Thursday, May 30, 2013

Question for the Week of May 27-Jun 2: Saddest Swan Song

Most bittersweet last role?
Hands down, it's Raúl Juliá in 1994's Street Fighter. On the one hand, you have a great performance from an amazing actor. On the other hand, it's in a laughably-entertaining movie based on a two-person fighting game with Jean-Claude Van Damme as the lead.

Raúl finally succumbed to the cancer that was taxing his body while filming - and he died before the film was even released. For an exceptional actor like Mr. Juliá, a class-act with such a fine career, this was an unfortunate note to end on.

So where does the sweet part come into it? Well, as stated above - it was a fine performance, and all of the non-ironic joy of the picture comes from that role. It's almost as if Wrath of Khan had been a bad Trek film, one wherein Ricardo Montalban had still nailed his part.

And, actually, SF director Steven E. DeSouza (check name) explained that Raúl was thrilled with playing M. Bison (not to be confused with M. Butterfly, who dressed as a woman and seduced men in restaurants)! Juliá enjoyed looking up Mussolini's speeches in order to get the tone of his scenes...

Further still, DeSouza revealed that Raúl Juliá had grown up loving Errol Flynn's movies. So this awesome actor, who was most likely the best to come out of Puerto Rico and make it big at that time, was in high spirits even though his health was failing - he was swinging on ropes and clocking JCVD!

No matter how not-good and disparaged Street Fighter may have been (and it was), at least the fondly-missed actor found himself having a great time working on what would prove to be his final project. Sure, there's something sad about it, but at least the circumstances had some kind of a silver lining. It's a billion times better than "I'm 28 and I've got everything going for me, but I took 6 prescription drugs around the same time."


  1. I'll pour out some of my drink to Raul, who deserved better than to go out planning the food court at Bisonopolis and trying to explain super conduction to Jean Claude Van Damme. Still, there are a few examples where the finality of the swan song was a bit more poignant. The one that really sticks out for me is Edward G. Robinson in Soylent Green--it's just a brilliant, heartbreaking performance where it felt like the actor was putting his own mortality on display. Watching his final scene in the movie, knowing it was also the last scene of Robinson's storied career--it's just devastating. It's the film equivalent of listening to Johnny Cash's cover of Hurt.

    Other notables: Peter Finch won a posthumous Best Actor Oscar for the role of Howard Beale in Network, a film that was prophetic in many ways; Brandon Lee in The Crow practically redefines the term "bittersweet"--watching the end of that movie is pretty hard, knowing the star didn't live to see it released; the Classic Film Guide reminded me that Burt Lancaster's last film role was "Moonlight" Graham in Field of Dreams, a role that seemed designed as a final statement at the end of his film career.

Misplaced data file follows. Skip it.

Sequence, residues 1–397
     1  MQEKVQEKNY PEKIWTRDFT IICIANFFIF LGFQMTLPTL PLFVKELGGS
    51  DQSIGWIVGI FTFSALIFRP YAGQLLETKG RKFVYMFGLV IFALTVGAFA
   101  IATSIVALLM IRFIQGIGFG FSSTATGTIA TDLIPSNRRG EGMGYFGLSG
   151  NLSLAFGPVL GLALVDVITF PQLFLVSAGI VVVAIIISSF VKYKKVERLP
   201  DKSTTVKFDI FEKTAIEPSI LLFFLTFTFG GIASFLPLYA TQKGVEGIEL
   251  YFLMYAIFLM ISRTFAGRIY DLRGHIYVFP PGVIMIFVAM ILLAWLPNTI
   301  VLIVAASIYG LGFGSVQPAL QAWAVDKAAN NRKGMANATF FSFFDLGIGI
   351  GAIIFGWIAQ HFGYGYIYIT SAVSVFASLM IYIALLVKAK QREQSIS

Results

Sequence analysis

1. We're looking at this from different perspectives, though - which is fine, but I want to make sure we're comparing apples to apples. Raul was sick with cancer, and he was working during his illness - some people even speculate that it might have been better for his recovery if he had not decided to play M. Bison. You and I both know that would be very hard to prove or validate, but still... he was in the middle of his life, and he died of one of the lousiest diseases ever, and the role that took part of the last effort he made on this planet is in a movie that... when I found out my girlfriend wanted to rent this movie, I wondered if she was cracked.

      In terms of bittersweet, I don't connect Brandon Lee's last role at all; it might fit the "saddest swan songs" as I wrote in the title, but... Being young and shot because a technician screwed up - there's no amount of sweet that can start to balance out the bitter there.

      However, I am impressed that you so neatly whipped out two alternatives - and that both involve movies I've seen once, and actors I don't know well. Soylent Green's end is incredibly moving, but I've seen maybe 3 EGR films, and I had no idea that was his last; that's one hell of a role to go out on, though I don't know how Robinson died. I have a similar blindspot for Peter Finch, although I recall Network being very impressive and thought-provoking; do you think its 90's analogue would be Bullworth?

      As to Lancaster, I'm only semi-familiar with him, so I'd have to look more at his overall situation and find out how he died. I just know that he lost his eternal youth because a bunch of farmers never heard of Heimlich.

    2. Robinson's pretty amazing. I've only seen a few of his 100+ films, but man, those are some great films: Key Largo, Double Indemnity, The Ten Commandments, and, of course, Soylent Green. The big one that I've missed is Little Caesar, the film that made him a star. He knew he was dying of cancer when he did the euthanasia scene in Soylent, and (according to Wikipedia) he died 12 days after it was filmed.

      Strangely, I know jack-all about Finch aside from Network--dude was nominated for Oscars, won BAFTAs, all for movies I have no clue about. Then again, knowing him for Network is plenty. I kinda like Bullworth, but they don't belong in the same league. Bullworth's a wish-fulfillment fantasy; Network's a piece of prophesy.


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